Psychology matters in marketing. Way more than most people think…or let’s be honest, use.
And, it doesn’t apply to just content.
Marketers should be tapping into psychology in every single stage of the business from building a team to creating a pricing strategy and selling your product.
Time to hit those dusty old psychology books.
In this growth marketing mix you’ll find:
- Why knowing the ‘why’ behind your digital marketing strategy is the key to success.
- The difference between growth hacking and growth marketing (and why it matters more than you think).
- How to go deep on psychographics and why behavioral analytics can transform your marketing strategy.
Keep reading below to find out more!
Psychology & Persuasion
How your pricing system is set up can have way more of an impact on your customers than you might expect. What you really want to do is to tap into psychology and create a pricing structure that maximizes both conversion and retention. So, rather than hoping your pricing is going to work, test. Try some of these small tweaks that tap into consumer psychology and you might find a dramatic increase in your pricing conversion rates over time.
Behavioral analytics can be a growth marketer’s best friend. Now, the question is are you diving into this with your own company? An easy way to get started with behavioral analytics is to tap into psychographics. Understanding your target customers values, opinions, interests, and lifestyles (among others), can provide a treasure trove of data that can help you market better. All of this data can help you build an improved customer persona that will lead to more growth.
“Words are hard.” Yup, you’ve got that right. And that what makes good copywriters, or a person who can handle copy the right way, so incredibly invaluable. The problem is great copy can’t just come from a playbook or template. Nope, there’s a bit of elbow grease that goes into creating it. One of the best ways to create stellar copy? Using what your customers are already saying. Take advantage of the words your current fans are writing and translate that into your copy as a starting point.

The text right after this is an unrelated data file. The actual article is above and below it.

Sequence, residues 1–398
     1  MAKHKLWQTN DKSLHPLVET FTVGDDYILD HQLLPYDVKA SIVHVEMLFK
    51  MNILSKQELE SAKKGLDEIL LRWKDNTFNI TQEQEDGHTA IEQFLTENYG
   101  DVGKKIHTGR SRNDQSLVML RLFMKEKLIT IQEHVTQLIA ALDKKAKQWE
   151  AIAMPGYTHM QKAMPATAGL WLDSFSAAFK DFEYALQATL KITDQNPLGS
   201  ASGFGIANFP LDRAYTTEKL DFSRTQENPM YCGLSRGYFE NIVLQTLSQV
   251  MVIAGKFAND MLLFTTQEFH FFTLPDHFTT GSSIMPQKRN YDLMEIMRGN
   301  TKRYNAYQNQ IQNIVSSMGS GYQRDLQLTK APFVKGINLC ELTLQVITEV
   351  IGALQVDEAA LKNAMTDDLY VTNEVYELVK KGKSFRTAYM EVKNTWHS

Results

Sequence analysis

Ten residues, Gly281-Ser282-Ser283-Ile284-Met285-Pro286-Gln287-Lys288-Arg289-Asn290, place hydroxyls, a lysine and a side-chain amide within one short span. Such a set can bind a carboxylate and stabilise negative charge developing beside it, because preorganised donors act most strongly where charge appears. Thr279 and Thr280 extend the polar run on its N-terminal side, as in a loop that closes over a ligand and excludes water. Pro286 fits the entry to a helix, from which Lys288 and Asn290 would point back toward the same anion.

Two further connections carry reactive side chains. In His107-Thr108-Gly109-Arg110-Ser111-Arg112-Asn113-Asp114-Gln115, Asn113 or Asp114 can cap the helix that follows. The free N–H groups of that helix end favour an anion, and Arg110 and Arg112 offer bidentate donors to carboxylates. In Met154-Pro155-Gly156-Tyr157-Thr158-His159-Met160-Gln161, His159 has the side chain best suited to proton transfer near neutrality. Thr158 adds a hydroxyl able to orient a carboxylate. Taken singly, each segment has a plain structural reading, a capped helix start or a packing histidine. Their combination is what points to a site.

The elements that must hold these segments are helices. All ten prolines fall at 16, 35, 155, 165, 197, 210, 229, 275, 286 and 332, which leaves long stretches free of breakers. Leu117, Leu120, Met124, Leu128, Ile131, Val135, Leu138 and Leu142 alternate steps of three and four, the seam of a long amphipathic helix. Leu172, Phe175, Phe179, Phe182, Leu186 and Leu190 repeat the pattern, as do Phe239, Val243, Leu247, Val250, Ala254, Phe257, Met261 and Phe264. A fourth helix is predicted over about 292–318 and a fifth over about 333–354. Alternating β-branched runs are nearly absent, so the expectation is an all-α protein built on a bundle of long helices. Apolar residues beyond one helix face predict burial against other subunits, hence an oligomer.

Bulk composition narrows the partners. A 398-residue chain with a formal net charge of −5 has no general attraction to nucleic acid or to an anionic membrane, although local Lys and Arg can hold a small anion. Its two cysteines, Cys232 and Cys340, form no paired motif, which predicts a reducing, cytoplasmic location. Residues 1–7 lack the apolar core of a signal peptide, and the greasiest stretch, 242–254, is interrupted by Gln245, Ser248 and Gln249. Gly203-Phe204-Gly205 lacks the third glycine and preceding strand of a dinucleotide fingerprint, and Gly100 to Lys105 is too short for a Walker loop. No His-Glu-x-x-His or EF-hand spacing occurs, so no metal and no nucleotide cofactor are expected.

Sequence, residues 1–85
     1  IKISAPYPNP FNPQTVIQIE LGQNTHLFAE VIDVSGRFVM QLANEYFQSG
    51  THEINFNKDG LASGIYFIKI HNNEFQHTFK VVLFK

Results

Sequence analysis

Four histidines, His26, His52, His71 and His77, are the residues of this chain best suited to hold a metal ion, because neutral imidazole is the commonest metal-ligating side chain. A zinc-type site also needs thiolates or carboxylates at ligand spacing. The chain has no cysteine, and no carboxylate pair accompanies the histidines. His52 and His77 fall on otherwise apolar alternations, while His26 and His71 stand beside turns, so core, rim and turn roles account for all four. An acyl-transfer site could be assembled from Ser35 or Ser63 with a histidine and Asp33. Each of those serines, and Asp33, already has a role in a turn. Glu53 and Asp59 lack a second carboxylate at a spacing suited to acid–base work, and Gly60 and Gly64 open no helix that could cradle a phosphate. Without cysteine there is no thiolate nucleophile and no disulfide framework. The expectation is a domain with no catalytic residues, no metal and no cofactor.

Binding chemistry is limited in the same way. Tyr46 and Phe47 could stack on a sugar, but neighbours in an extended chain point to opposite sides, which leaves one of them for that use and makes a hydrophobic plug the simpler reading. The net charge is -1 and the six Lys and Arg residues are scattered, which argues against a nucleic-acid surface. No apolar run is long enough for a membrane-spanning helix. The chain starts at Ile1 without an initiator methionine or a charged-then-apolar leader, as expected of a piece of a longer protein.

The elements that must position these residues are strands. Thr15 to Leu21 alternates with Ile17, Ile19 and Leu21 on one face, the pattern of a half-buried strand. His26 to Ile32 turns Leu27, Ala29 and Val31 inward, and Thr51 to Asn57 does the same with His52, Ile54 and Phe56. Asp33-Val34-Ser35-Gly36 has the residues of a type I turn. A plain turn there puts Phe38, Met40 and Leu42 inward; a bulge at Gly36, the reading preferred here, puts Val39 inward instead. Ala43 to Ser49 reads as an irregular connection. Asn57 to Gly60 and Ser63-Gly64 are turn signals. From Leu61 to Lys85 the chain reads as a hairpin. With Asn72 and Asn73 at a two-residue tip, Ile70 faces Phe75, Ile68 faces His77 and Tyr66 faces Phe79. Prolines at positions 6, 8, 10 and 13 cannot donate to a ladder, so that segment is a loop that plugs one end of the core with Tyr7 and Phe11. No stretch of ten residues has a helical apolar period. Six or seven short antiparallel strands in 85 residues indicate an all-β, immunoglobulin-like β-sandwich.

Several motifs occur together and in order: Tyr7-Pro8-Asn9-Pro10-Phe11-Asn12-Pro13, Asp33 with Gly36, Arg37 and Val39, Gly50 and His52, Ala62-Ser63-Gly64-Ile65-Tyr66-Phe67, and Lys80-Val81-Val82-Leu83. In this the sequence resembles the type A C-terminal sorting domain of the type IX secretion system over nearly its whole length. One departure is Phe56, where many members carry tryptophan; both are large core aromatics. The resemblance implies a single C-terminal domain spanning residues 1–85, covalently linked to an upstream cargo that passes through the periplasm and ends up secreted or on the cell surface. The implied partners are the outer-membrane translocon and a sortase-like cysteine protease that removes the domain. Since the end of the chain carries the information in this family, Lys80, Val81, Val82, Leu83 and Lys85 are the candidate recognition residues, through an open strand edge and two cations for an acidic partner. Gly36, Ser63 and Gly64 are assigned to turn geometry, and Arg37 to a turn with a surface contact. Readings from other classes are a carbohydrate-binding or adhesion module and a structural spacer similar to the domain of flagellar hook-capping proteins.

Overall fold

When Google commissioned a two year long study centered around team performance they came away with one huge takeaway: that psychological safety is paramount. What does psychological safety mean? Trust, especially trust that employees can make mistakes without fear of being fired. In this Harvard Business Review article, the author advises modern team leaders on how they can create an atmosphere where employees feel that trust in their roles.
We’ve all heard the term ‘growth hacking’ by now, it’s been a very hot topic in the marketing world the last few years. But what about ‘growth marketing’? In my mind, this is the more effective strategy. After all, if you’re so focused on pushing as many visitors as you can to the top of your funnel but not on activation or conversion, how does that translate into a good business practice? The answer is it doesn’t. Growth marketing focuses on long term growth that is sustainable and repeatable.
In this video from the GrowthHackers Conference, Elena Verna shares her thoughts about how brands can focus on product experience in order improve growth. The first place to focus is on your own brand goals. You need to get your revenue KPIs down first, and then from there, you want to create a product experience around those KPIs. She digs into her own experience with SurveyMonkey as a great case study. There is also a corresponding SlideShare that goes with that talk as well.
There’s a big difference between knowing you should send out emails or create blog posts and why you’re actually doing it. For Neil Patel of Kissmetrics, it’s the ‘why’ that matters. So how can marketers figure out their why? By going deep on goals. What is the actual specific goal of your blog post or your email marketing strategy, it has to go beyond just ‘converting more customers.’ When you’ve got this figured out, then you can create an actionable and measurable strategy around it.
Well, there you have it, we’ve covered a primer on growth marketing, a thought piece on product experience usability, and a simple strategy for copywriting success. If you’ve learned something, make sure you share this with someone who could use it.